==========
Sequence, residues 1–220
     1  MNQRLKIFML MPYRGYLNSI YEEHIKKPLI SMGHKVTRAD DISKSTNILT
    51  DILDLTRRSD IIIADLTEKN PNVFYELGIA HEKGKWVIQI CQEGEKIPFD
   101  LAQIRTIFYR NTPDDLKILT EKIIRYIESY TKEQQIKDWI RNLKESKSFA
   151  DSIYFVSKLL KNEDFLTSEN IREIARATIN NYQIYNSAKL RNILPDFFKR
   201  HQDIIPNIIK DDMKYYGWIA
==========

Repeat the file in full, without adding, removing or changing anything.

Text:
Sequence, residues 1–220
     1  MNQRLKIFML MPYRGYLNSI YEEHIKKPLI SMGHKVTRAD DISKSTNILT
    51  DILDLTRRSD IIIADLTEKN PNVFYELGIA HEKGKWVIQI CQEGEKIPFD
   101  LAQIRTIFYR NTPDDLKILT EKIIRYIESY TKEQQIKDWI RNLKESKSFA
   151  DSIYFVSKLL KNEDFLTSEN IREIARATIN NYQIYNSAKL RNILPDFFKR
   201  HQDIIPNIIK DDMKYYGWIA